CM . . .
. Volume XVI Number 23. . . .February 19, 2010
The Shadow Road. (The Warlocks of Talverdin, Book Four).
K. V. Johansen.
Victoria, BC: Orca, 2010.
216 pp., pbk., $12.95.
Grades 4-9 / Ages 9-14.
Review by Janet Johnson.
Reviewed from Advance Reading Copy.
Pale, dark-eyed faces. My captors were my own people, Nightwalkers.
I beat on the sides and lid of the coffin, pounded again with my feet. The end of the coffin never creaked, the work of a skilled joiner. Strong catches closed the lid, I screamed—the hoarse, voiceless wail was all I seemed to have left. My hands ached, throbbed and then went numb and damp. And still I pounded, wailed, though I could not shape the words, Papa, Mama, why don't you come? Why doesn't someone come? Why doesn't someone come to me...?
The Shadow Road, the fourth book of the "Warlocks of Talverdin," is the best so far. Fast paced and dramatic, Nethin's adventure took swift hold of my imagination and provided a splendid imaginary escape to another world.
The story of Talverdin and the Island of Eswyland is continued in this fourth book with the story of a new generation. Life has gone on in Eswy, and the heroes and heroines from the earlier books have now married and have grownup children. Still, the old racial prejudice between the two races, Nightwalker and the human population, continues although, in some areas, it has almost been forgotten. The story is centred around a young man, Nethin'kiro Rukiar, who, readers learn, is scholarly and yet skilled in the arts of battle. Readers also learn that Nethin is struggling to understand his own identity as the son of a mixed marriage between a Nightwalker and a human witch as he remembers his old life while confined to the coffin. Adolescents will identify with the emotional ups and downs of adolescence and the need for self control. It seems that Nethin has the potential to become a powerful Maker, or warlock, but as the story unfolds, this same power will put him in harm's way.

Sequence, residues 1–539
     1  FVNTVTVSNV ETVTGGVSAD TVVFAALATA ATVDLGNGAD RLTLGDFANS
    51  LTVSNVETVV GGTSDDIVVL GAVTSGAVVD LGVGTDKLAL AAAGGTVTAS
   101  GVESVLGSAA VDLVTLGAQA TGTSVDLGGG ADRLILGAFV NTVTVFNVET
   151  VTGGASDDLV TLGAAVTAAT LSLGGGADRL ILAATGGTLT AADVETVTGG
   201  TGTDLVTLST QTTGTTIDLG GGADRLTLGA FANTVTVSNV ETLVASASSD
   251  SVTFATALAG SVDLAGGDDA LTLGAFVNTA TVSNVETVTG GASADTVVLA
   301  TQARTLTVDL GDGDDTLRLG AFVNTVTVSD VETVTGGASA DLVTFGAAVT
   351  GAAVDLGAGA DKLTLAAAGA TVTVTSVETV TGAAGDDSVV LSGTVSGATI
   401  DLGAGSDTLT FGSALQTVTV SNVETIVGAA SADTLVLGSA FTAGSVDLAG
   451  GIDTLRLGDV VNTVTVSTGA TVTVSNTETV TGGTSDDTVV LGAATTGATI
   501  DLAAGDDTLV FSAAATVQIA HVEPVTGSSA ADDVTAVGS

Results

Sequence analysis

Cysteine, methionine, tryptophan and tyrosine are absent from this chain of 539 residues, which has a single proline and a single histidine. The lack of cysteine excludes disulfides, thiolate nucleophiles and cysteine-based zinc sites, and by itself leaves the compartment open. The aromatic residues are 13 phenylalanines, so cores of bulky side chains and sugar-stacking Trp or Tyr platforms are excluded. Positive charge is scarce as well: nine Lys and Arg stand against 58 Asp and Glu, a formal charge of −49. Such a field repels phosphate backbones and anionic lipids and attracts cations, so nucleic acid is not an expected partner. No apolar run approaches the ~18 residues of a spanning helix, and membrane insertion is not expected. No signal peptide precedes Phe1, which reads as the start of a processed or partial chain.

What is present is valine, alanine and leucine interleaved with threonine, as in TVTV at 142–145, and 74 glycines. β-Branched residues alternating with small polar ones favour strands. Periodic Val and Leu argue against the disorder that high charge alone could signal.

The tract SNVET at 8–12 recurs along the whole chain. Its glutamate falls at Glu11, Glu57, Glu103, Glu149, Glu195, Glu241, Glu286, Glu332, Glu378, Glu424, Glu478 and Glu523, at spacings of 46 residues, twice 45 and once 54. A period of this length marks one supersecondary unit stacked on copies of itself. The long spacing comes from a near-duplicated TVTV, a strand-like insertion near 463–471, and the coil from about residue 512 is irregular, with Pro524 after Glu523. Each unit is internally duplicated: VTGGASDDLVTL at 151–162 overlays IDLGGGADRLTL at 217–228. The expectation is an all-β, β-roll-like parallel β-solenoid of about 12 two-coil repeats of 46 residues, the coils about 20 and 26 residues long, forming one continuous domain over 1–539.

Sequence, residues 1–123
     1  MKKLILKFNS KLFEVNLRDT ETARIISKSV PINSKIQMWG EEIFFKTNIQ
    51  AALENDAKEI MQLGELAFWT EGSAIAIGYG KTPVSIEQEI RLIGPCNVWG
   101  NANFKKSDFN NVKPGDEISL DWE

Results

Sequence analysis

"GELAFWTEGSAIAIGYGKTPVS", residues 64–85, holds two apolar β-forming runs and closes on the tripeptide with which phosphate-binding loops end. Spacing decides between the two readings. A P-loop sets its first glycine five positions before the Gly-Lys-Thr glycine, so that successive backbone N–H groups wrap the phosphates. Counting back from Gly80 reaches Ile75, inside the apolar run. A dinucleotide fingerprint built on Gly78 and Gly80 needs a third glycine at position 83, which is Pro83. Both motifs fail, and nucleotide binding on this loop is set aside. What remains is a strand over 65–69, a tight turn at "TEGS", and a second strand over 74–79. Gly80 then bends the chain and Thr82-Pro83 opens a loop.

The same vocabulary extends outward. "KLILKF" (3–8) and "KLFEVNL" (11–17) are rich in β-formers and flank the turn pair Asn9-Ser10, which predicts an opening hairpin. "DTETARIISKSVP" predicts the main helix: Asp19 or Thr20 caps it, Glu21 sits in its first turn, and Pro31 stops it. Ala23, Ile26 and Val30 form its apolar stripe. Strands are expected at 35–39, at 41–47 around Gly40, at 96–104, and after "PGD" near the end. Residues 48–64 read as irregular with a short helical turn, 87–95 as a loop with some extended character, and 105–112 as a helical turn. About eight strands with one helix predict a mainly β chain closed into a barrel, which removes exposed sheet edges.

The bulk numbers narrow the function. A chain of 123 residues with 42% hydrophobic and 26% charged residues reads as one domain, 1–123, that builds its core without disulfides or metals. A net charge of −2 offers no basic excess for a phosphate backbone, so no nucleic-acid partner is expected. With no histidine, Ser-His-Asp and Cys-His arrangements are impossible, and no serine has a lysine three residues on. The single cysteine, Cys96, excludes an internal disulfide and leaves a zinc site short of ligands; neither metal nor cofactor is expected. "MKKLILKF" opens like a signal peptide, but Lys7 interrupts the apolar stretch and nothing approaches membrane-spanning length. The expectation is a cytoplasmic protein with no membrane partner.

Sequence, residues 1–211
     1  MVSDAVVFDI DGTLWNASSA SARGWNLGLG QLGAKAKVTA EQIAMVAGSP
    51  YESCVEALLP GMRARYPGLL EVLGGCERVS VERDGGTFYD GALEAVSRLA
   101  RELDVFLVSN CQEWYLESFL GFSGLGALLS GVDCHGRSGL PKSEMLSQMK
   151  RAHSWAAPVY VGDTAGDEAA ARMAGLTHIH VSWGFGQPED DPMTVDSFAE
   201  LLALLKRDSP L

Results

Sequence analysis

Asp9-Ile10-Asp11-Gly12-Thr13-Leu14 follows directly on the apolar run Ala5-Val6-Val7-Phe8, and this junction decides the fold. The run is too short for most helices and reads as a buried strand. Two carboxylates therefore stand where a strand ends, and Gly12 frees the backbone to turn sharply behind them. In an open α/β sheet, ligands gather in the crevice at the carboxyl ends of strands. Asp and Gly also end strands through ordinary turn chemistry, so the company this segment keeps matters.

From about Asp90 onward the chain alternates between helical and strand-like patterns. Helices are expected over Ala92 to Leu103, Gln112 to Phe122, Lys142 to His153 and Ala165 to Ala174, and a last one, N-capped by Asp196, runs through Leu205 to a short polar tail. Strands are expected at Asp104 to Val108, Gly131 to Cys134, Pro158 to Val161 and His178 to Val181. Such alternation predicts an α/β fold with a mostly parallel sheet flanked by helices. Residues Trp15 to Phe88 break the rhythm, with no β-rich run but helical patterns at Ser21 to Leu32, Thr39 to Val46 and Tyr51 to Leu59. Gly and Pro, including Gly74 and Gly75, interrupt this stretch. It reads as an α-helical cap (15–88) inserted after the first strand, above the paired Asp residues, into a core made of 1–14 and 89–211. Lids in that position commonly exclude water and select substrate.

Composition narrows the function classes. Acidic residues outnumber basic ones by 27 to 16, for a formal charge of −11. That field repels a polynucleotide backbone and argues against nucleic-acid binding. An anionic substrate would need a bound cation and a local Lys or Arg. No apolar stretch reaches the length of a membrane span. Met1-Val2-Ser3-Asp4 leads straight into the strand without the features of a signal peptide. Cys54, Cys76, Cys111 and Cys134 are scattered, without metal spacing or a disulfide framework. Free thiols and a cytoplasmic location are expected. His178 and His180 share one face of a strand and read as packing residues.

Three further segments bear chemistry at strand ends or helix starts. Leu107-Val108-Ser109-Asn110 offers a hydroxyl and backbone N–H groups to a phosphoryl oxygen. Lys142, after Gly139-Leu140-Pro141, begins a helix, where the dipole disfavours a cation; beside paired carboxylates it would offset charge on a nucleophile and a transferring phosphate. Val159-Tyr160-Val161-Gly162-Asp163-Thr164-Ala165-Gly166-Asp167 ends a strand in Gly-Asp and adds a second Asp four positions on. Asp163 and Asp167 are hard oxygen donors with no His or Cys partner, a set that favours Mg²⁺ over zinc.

Rosing, his great grandfather, and a vicious character named Orlando kidnap Nethin and keep him hidden in a coffin which has been enchanted to smell of dead flesh in order to travel and avoid capture. Orlando's cruel nature is captured by Johansen through his insidious relationship with Nethin, pretending to be half breed as well. His despicable treatment of Rosing, once he is safe on the Shadow Road, is unforgettable. The other accomplice in the kidnaping is a "toady" apothecary who keeps our hero drugged to keep him from using magic to escape and to wake him to study a magic spell that will open the Shadow Road. Rosing wants to go back to the Homeland on the Shadow Road to bring Nightwalkers back to Eswy to destroy all humans. Unknown to them, travel on the Shadow Road causes the fabric of the world to become unstable, and it has destroyed the Homeland and caused the death of most of the inhabitants.
The reader will also be interested in two other characters and the roles they play in rescuing Nethin. Wolfram, once named Aldis, son of Prince Alberick whose story occurs in an earlier book, eventually comes to Nethin's rescue as part of his service in the Baroness Oakhold's retinue. Also, there is a relationship interest when Nethin meets with the brave survivor of genocide, Alabeth Narron Kiron, one of the last descendants of the Kiron. Their encounter is the start of a romantic interest which will appeal to this age group.
In this 'high fantasy' series, Johansen has managed to create a dark and serious fantasy revolving around a race of warlocks, witches and humans living together on an island setting in an undetermined time. Each story in the series is consistent with the others and brings alive more of the history of its people. If terms and people have been forgotten, readers can refer to the helpful glossary at the end of the book. However, a family tree might now be useful in addition to the two maps at the beginning of the book.
The quality of the writing is also consistent with the other novels in the series, and the use of the High Court language spoken principally by Alabeth, as last of the Kiron, is believable and easy to follow.
Janet M. Johnson is a librarian and instructor at Red River College in Winnipeg.
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